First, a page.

For many of us, Christmas is the most wonderful time of the year. And it doesn’t get much more christmassy than at Dresden’s Striezelmarkt, Germany's oldest Christmas market, and a cauldron of festive lights, mulled wine aromas and Christmas music. This popular Christmas market fills the baroque city centre with hustle and bustle, offering plenty to enjoy for the young and the old. The festive opening ceremony is a particularly memorable annual event, while the four Advent weekends are all also packed with special events.
Festive Delights on the Market
What would a Christmas market be without festive biscuits, spiced apples or mulled wine? No need to worry, Dresden’s Striezelmarkt has you covered on all of these fronts. The rich culinary pickings naturally also include the famous Dresden Christstollen, which is still baked here according to traditional recipes. In fact, the name “Striezelmarkt” even originated from this delicious festive cake. In the Middle Ages, a Strutzel or Striezel was the name used to describe a long, sometimes platted yeast cake. Over time, the term Christbrot then grew into the established term for Stollen, even becoming a fixed element of the Christmas festival from 1617 onwards. Since the 13th century, the famous gingerbread, honey cake and pepper cake from the town Pulsnitz have also been a must at this time of the year. And nowadays no Christmas market would be complete without a mulled wine stand. Dresden’s mulled wine is served in mugs specially made for the Striezelmarkt – now collector’s items by virtue of carrying a different design every year.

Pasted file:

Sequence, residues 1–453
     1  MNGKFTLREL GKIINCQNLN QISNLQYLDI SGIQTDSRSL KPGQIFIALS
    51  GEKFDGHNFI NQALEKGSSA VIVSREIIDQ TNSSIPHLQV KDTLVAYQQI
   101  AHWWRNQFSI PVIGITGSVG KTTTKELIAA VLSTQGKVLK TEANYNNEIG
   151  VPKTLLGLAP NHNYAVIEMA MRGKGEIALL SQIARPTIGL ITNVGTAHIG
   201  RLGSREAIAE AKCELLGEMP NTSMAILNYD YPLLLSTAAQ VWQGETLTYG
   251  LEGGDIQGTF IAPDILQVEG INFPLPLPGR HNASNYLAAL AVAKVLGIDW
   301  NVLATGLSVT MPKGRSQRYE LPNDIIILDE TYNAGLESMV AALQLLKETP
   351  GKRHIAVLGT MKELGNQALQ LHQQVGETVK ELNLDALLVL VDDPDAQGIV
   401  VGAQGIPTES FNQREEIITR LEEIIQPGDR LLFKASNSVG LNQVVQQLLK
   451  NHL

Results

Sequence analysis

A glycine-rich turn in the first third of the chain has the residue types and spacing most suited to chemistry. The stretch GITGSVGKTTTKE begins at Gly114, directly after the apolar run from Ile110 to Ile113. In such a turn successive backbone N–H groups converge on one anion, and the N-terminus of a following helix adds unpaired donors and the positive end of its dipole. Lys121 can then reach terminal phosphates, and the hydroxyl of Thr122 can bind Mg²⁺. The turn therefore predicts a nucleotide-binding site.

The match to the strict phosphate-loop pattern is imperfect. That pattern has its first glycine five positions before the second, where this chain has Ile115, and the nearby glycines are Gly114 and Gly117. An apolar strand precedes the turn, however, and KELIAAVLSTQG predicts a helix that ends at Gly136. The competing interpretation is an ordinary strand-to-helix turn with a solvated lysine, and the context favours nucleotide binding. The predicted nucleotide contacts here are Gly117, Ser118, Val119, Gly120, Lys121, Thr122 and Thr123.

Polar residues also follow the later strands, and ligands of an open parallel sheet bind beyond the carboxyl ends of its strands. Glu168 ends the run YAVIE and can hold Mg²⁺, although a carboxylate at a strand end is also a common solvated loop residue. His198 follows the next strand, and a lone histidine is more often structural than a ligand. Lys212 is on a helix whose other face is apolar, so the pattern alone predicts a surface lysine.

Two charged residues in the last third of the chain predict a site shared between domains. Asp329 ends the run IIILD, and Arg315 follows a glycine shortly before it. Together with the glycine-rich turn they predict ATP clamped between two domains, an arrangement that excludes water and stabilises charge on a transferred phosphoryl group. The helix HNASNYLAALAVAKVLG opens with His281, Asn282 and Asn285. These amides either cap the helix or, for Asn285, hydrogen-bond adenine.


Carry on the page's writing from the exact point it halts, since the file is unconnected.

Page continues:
One ever-present fixture of the Striezelmarkt is the arts and crafts on offer here – glass Christmas tree decorations from Thuringia, beautifully patterned fabrics from the Lausitzer Blaufärber, ceramics and pottery from Saxony, and wood carvings from the Ore Mountains. These varied, traditional wares, all crafted by hand, have been quintessential elements of Dresden’s Striezelmarkt for centuries. These products are not only available to buy, but visitors can also look craftspeople over the shoulder as they produce their exquisite pieces.
Highlights for Children
In the “Kindererlebniswelt” children’s area of the Striezelmarkt, there is plenty for young visitors to discover. Whether they turn their hand to baking themselves or explore one of the gingerbread houses, little ones won’t go hungry here any time soon. The children’s railway, the nostalgic carousel, the puppet theatre and kid’s cinema are also great ways to enjoy the wintery magic. Most kids also love watching the daily ritual of opening another door on the market’s Advent calendar.
The first Dresden Striezelmarkt was held in 1434, if only for a single day. Elector Fredrick II. and his brother Duke Sigismund approved a free market on the city’s Altenmarkt on the day before Christmas Eve, and the Striezelmarkt was born. In the time since, it has developed into one of the most traditional Christmas markets in all of Germany. Nowadays, over 240 retailers and exhibitors descend on the market every December to sell their wares. In addition to Santas, Christmas trees, pyramids and a huge Advent calendar, the unmistakable face of the Christmas MARKET has long been the Pflaumentoffel – a diminutive man traditionally made of baked plums who is said to bring luck.
- Striezelmarket Dresden is the the best rated tourist attraction in Saxony.
How to get there
The Altmarkt in Dresden is the traditional home of the Striezelmarkt, and it’s located right in the heart of the Old Town. It is easy to reach on foot, but is also accessible via public transport or by car.
The Christmas market is served by both bus and tram services. Altmarkt, Pirnaischer Platz and Prager Straße are all stops located close to the Christmas market.
If you’d prefer to come by car, take the B6, B170, B172 or B173 into Dresden city centre. When you arrive, you can park in one of the following car parks, all of which are signposted as part of the city’s parking guidance system: Tiefgarage Altmarkt, Tiefgarage Altmarkt-Galerie, Tiefgarage Karstadt, Parkplatz Pirnaischer Platz, Parkplatz Ferdinandplatz. All of these car parks are close to Dresden’s Striezelmarkt.